1u. I booted into ClockworkMod mode so that I could flash Imoseyon's newest kernel, v15.4926.0010010.666test47

CyanogenMod: 1. (n.) Custom firmware based on the Android Open Source Project (AOSP). CyanogenMod (often shortened to CM, or CM7 for version 7.x) offers features not found in the stock Thunderbolt firmware, and it runs Gingerbread, not Froyo. CM7 is currently in the Alpha stage of development for Thunderbolt users.
1u. Users who use CyanogenMod are able to browse the web in incognito mode.


Dalvik: 1. (n.) A virtual machine designed by Google for use in the Android operating system. Sometimes shortened to DVM or DalvikVM. 2. (n.) Dalvik [Cache]: A cache of small .dex files which are used to quickly and efficiently load applications. Basically, when Android starts up, the DalvikVM scans through all of your applications (files with .apk extensions) and application framework. It then optimizes the bytecode (tiny code commonly used for efficient software execution) for each application into a .dex file and stores that file in the Dalvik Cache. The applications are then run using the .dex file (optimized bytecode). By doing this, Android is able to speed up to execution of applications by loading them from smaller .dex files instead of larger .apk files. This is why when you install a new ROM, it takes longer to boot for the first time (because the DalvikVM is scanning and optimizing each application/framework). Every time an application (or framework library) changes or is installed, it's re-optimized into a .dex file and the cache is updated.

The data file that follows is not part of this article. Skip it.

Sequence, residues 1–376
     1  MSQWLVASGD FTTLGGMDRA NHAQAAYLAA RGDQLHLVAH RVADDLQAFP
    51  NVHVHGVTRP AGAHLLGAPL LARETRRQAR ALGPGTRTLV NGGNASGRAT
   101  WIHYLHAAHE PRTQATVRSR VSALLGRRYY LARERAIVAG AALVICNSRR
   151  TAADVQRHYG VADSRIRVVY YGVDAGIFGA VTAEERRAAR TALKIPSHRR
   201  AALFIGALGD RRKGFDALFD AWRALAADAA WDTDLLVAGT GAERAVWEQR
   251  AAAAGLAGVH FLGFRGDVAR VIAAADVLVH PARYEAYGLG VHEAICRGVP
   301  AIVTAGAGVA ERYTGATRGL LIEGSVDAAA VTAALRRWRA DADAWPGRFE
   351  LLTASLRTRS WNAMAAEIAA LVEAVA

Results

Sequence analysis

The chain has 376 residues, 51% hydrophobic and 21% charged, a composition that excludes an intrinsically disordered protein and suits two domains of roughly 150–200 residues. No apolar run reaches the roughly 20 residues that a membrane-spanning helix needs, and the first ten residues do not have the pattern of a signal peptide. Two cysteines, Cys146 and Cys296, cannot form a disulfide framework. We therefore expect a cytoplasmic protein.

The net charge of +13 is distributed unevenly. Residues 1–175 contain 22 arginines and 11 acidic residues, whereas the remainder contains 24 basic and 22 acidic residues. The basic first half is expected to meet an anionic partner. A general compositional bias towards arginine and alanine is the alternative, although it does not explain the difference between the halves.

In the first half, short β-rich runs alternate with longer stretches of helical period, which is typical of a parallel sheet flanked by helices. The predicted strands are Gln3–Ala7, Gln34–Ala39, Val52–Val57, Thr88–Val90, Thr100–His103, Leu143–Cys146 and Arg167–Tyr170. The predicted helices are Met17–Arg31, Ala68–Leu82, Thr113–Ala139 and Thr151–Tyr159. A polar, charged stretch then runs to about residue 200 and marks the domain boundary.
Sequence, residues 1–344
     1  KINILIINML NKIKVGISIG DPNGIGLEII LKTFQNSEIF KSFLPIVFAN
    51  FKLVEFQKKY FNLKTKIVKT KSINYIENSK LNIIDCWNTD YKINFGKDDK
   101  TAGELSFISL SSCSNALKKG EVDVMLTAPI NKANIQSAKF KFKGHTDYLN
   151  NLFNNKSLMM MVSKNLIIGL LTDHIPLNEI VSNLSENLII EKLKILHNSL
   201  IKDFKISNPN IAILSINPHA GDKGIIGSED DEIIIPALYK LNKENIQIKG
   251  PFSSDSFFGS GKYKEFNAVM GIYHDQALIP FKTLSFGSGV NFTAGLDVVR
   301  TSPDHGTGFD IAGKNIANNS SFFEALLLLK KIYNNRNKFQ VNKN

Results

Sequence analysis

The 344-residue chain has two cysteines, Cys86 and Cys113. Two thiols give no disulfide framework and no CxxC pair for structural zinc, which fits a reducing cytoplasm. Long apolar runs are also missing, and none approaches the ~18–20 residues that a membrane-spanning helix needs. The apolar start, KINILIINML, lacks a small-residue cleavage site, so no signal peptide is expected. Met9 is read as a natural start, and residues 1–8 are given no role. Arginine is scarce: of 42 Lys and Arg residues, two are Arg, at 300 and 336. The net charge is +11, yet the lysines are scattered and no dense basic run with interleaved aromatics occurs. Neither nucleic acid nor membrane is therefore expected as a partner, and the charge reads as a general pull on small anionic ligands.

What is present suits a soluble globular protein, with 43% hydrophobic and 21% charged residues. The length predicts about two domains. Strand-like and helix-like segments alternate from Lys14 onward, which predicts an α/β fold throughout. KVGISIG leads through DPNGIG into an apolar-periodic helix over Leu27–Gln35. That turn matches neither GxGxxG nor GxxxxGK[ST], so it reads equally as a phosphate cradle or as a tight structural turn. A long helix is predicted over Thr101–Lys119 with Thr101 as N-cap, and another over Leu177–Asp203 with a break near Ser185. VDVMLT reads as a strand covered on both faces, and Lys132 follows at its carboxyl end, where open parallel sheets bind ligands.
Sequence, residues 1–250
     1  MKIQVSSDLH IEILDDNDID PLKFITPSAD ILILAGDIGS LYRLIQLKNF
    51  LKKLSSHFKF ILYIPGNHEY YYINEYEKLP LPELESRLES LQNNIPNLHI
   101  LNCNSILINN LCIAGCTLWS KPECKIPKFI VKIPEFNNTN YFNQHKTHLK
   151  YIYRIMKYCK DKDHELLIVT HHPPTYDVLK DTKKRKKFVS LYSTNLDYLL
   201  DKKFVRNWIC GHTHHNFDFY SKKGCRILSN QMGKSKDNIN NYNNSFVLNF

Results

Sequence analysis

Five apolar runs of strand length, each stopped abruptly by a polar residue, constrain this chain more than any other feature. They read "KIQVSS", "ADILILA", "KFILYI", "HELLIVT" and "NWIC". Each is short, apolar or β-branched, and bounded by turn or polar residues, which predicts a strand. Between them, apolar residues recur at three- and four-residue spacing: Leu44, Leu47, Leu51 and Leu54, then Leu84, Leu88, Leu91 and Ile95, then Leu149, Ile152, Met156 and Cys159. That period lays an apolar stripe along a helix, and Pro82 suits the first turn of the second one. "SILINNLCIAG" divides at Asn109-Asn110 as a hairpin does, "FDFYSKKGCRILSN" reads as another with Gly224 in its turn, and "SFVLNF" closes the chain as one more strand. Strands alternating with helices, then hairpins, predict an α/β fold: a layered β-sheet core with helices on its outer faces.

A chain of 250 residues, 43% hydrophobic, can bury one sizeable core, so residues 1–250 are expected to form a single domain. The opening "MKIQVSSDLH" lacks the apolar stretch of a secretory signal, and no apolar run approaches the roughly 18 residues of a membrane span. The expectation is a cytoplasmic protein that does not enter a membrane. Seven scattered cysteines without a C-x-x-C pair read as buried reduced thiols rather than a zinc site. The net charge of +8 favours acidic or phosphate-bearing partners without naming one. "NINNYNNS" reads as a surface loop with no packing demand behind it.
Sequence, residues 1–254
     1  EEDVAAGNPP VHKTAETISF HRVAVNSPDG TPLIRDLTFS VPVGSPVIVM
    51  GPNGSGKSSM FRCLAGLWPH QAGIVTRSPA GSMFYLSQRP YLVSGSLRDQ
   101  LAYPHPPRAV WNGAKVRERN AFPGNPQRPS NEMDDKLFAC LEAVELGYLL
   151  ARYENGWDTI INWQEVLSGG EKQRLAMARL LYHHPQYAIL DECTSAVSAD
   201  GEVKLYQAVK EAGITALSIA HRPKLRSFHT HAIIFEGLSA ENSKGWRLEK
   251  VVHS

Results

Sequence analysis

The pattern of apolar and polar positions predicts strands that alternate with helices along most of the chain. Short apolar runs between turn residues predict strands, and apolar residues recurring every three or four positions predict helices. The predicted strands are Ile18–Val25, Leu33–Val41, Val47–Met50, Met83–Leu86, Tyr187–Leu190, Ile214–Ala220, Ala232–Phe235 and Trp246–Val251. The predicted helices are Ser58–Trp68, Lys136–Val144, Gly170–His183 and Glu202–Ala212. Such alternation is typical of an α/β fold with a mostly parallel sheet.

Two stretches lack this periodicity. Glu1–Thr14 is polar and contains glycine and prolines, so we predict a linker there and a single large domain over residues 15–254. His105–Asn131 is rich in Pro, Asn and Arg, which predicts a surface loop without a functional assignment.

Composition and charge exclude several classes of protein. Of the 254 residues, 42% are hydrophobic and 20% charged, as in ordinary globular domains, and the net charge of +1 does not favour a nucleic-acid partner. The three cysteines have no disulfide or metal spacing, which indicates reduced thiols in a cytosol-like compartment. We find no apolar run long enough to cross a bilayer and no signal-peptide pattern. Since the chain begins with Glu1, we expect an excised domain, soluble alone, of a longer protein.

1u. Dalvik is named after a fishing village in Iceland.
2u. Many custom ROMs give you the ability to clear your Dalvik cache at any time.

Debloat: 1. (v.) To remove the bloatware from your Thunderbolt. 2. (adj.) Debloat[ed]: A ROM which comes with some or all bloatware removed.
1u. If you want to debloat your ROM, just flash the debloat patch!
2u. Many ROMs come debloated and deodxed.

Deodex: 1. (n.) A patch of sorts that involved the un-odexing of a ROM. An odex, simply put, is a collection of bits of different applications that have been pulled from their original sources prior to boot with the intent to speed up the boot process. Therefore, a deodex is the patch applied to a ROM which all the bits from all the different applications have been returned to their respective sources. *Note: Most ROMs come either odexed or deodexed.
1u. BAMF ROMs are all deodexed prior to their release (plus they're awesome ;))